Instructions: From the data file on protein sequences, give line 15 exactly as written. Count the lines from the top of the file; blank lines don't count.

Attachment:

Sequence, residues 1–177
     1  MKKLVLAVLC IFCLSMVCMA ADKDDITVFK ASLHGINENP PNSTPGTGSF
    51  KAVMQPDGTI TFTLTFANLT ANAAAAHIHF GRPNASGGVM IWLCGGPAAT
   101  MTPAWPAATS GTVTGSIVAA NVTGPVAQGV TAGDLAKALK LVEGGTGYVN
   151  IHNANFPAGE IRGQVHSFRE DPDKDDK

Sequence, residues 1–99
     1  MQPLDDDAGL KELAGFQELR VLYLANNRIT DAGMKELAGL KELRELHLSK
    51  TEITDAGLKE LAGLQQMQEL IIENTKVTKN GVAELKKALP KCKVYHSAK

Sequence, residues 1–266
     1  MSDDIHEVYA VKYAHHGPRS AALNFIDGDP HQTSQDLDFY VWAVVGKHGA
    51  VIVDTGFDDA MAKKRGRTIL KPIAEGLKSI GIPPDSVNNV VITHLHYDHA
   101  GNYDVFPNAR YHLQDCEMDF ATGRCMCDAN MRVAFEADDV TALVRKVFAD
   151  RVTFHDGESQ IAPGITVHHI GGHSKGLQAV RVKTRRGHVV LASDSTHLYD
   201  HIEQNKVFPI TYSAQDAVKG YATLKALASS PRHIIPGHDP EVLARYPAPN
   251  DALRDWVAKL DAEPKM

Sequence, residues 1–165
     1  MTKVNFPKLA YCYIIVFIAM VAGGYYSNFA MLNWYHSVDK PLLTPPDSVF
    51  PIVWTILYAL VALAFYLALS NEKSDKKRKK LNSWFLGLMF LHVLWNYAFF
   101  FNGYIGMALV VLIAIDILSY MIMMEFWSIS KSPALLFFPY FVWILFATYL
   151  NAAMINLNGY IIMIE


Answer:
   251  DALRDWVAKL DAEPKM